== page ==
London (September 29, 2004)–Jekyll & Hyde has enjoyed a record-breaking Broadway run and is now touring the British Isles. Paul Nicholas takes the lead and MC2 E Series amplification plays a major part in Stage Electrics’ authentic recreation of Broadway’s glitzy sound.
Sound designer Glen Beckley outlined the ethos of the system: “We’re using a horn-loaded PA system comprising of EAW KF300e which, in my opinion, still haven’t really been surpassed, Funktion One AX88s in the center cluster and then some EAW SB330 subs. I also have 18 Pro-Ac delays, which I use as and when necessary. The show has actually been around as a musical for about 15 years, so it’s quite popular among musical theatergoers, but over here, their reference point is generally from the Broadway CD. So, when they come to see it in a live environment, it’s very important to the producers, UK Productions, that the sound of the show refers back to that. We were looking for a cinematic feel, so it’s quite shiny and polished.”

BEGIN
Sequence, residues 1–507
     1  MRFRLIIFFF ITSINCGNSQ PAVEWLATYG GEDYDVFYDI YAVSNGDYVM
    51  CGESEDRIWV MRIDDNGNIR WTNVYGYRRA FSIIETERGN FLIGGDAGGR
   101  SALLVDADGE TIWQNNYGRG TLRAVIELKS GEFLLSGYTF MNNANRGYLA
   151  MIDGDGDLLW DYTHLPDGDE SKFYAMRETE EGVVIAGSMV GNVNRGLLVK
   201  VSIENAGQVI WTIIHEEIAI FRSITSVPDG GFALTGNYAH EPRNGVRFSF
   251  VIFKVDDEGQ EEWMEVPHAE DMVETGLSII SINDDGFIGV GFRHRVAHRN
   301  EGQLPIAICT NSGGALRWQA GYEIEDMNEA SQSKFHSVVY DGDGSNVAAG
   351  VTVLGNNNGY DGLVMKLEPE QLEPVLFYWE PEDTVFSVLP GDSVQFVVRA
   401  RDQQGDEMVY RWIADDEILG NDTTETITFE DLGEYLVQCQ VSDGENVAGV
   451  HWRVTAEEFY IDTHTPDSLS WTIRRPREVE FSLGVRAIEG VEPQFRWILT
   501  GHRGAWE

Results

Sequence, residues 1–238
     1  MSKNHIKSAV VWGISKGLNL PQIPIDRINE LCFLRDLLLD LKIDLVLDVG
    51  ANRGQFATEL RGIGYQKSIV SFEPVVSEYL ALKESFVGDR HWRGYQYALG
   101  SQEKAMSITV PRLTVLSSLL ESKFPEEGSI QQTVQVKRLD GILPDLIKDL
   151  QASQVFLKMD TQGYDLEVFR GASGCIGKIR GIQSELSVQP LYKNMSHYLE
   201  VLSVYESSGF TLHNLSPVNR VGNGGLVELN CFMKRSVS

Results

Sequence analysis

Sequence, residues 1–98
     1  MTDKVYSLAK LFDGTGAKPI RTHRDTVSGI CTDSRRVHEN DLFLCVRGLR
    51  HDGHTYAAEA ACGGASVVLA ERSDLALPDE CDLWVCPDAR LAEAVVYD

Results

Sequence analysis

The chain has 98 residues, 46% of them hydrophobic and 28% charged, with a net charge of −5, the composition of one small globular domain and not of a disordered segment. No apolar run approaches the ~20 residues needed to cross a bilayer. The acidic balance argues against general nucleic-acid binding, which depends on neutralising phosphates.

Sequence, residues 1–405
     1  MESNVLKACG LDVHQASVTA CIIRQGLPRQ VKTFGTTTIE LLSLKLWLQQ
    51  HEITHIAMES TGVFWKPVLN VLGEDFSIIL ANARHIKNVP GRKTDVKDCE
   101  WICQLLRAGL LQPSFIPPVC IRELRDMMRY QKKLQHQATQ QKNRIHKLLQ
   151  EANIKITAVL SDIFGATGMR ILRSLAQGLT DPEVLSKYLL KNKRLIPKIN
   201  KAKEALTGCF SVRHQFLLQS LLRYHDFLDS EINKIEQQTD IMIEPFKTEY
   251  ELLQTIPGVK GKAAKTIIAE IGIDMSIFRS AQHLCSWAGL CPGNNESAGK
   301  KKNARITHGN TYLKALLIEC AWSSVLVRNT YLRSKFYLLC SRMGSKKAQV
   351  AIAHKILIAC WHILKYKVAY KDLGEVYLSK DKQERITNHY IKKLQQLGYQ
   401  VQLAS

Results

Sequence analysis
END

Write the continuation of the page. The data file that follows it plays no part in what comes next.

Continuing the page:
Beckley continued, “My whole approach to PA systems is that I want them to have ‘authority’ in the way they deliver. That’s one of the reasons I still love working with horn-loaded speakers; there’s something in the way that they grip hold of a sound and fire it out at you, that gives it an attitude and an authority. However, they are a lot more sensitive to being set up properly and it’s very easy to get it wrong. You’re pretty much relying on the quality of your equipment, your instinct and experience to get it right. Obviously this means you’ve got to have great amplification, which is where MC2 comes in.”
The system uses a combination of MC2 E45s on subs, E25s and E15s. There are eight sub cabinets with one amp channel per sub, giving the system a weight to its response, Beckley explains. “There’s something about really big transducers and really low frequencies and not taxing the system,” he said. “It’s a bit like having a really big engine and only ever driving it a 2000 revs. It’s the American car approach to engineering, but it just means that whatever the level and whatever the frequency, the system is always all there. If the bass player has a six-string and can hit a very low note, a lot of systems deliver it much quieter and thinner. So as the bass player travels down the fretboard to the lower strings, he gets quieter and quieter and then gets louder again as he travels back up. That’s because of the frequency, and the musical response not being adequate for what it’s doing. Whereas with this system, the really low notes are as present as the really high ones, and at the end of the day it’s as much down to the amps as anything else.”